Forget flying cars (so passé!) – how about some flying robot birds?
Scientific American: It’s Time to End the War on Salt
This week a meta-analysis of seven studies involving a total of 6,250 subjects in the American Journal of Hypertension found no strong evidence that cutting salt intake reduces the risk for heart attacks, strokes or death in people with normal or high blood pressure. In May European researchers publishing in the Journal of the American Medical Association reported that the less sodium that study subjects excreted in their urine—an excellent measure of prior consumption—the greater their risk was of dying from heart disease. These findings call into question the common wisdom that excess salt is bad for you, but the evidence linking salt to heart disease has always been tenuous.
New and notable just updated on Project Gutenberg, this week featuring:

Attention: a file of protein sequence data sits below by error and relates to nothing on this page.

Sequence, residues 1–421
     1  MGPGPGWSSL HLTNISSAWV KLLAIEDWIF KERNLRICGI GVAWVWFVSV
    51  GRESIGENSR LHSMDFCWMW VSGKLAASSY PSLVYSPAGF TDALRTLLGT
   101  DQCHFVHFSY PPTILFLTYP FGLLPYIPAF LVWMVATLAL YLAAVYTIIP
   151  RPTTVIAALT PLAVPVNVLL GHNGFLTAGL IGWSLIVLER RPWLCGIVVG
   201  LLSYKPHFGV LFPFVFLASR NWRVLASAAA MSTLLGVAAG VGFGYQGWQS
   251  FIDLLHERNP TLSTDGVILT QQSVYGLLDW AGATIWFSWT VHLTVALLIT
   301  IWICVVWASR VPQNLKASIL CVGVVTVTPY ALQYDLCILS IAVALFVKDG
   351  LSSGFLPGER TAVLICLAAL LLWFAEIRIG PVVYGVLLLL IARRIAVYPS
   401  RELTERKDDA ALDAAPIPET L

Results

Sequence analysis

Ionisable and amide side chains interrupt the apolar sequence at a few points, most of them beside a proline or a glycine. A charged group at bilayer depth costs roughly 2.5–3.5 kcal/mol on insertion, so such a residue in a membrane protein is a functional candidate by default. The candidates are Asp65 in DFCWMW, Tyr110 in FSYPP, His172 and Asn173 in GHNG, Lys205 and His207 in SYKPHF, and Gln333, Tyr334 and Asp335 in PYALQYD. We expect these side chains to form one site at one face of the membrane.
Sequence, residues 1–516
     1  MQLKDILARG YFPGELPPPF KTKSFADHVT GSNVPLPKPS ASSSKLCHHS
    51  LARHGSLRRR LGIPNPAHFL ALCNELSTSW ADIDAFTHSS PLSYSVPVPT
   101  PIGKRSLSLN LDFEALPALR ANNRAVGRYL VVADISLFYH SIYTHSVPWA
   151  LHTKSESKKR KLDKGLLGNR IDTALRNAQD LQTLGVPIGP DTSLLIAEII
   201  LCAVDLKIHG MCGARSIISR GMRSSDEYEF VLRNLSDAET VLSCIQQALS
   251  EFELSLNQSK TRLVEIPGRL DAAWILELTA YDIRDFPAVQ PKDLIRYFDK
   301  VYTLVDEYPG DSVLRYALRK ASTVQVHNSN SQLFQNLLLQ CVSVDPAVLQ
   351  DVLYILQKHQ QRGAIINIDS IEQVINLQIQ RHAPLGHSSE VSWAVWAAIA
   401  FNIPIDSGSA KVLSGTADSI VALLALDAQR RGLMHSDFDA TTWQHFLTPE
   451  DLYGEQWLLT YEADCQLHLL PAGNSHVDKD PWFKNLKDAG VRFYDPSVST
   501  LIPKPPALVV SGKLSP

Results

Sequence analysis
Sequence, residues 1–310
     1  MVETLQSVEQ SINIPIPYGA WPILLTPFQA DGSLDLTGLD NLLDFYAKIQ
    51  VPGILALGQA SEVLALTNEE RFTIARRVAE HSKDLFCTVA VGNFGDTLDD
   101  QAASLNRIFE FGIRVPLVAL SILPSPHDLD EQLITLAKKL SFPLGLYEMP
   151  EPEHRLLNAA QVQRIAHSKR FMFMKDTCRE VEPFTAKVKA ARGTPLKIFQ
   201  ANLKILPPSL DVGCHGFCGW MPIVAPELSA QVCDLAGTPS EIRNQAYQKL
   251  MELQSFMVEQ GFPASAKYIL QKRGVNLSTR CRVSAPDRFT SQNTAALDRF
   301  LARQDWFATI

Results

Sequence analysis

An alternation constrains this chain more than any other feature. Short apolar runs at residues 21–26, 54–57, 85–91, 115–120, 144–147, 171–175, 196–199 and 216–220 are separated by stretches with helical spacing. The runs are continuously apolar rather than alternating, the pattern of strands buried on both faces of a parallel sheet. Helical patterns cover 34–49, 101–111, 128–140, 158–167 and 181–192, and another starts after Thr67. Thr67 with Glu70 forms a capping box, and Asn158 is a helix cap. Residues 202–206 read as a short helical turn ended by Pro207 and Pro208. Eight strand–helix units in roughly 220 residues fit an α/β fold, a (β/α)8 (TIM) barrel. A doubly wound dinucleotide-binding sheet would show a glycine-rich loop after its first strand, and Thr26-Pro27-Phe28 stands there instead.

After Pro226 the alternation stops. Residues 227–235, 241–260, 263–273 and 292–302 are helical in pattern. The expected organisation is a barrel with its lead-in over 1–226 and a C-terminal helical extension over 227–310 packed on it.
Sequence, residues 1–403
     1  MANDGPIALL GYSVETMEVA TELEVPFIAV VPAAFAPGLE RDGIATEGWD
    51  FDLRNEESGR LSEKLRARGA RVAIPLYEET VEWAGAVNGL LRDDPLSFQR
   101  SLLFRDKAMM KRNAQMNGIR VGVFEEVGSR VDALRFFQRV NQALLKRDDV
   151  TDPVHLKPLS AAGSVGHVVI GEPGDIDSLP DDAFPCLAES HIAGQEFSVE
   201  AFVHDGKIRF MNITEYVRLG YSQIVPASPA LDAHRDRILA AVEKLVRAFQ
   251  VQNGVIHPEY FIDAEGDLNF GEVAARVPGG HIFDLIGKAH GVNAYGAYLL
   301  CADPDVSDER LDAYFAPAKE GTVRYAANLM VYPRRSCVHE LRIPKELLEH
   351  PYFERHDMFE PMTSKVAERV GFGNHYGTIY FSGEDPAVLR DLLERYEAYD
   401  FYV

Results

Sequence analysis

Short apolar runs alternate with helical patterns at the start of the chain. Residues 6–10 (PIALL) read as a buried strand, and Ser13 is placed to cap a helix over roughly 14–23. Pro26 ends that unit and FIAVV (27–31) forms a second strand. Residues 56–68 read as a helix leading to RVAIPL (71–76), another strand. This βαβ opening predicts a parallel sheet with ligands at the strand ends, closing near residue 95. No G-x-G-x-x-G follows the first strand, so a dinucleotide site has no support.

- Japan and the California Problem (1921) by Toyokichi Iyenaga and Kenoske Sato
- La vampire (1865) by Paul Féval (French)
- Astronomy with an Opera-glass (1890) by Garrett Putman Serviss
- The League of the Leopard (1914) by Harold Bindloss
- Spanish Tales for Beginners (1909) by E. C. Hills and Various (English and Spanish)
- Maxims and Hints on Angling, Chess, Shooting, and Other Matters (1842) by Richard Penn
“Clint, I’ve heard a lot of fantastic yarns, but this tops them all. If anyone else told me that story, I’d throw him out on his pratt.”
As deducible from the quote, pratt (or prat) is an old slang term for the buttocks and is still used nowadays in England as a pejorative noun for someone, akin to “ass” or “dumbass” — “What a prat!”
And yes, the comedy/slapstick term “pratfall” derives from the same meaning. :)